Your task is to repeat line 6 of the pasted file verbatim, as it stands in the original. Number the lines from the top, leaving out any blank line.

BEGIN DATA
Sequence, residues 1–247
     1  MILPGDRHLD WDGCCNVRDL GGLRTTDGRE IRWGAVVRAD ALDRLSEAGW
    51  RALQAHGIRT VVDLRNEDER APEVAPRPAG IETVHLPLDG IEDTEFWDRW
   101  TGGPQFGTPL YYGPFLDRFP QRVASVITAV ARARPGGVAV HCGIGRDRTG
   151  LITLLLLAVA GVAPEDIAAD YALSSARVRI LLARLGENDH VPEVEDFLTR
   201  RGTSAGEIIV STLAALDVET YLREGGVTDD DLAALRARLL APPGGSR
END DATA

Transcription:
   201  RGTSAGEIIV STLAALDVET YLREGGVTDD DLAALRARLL APPGGSR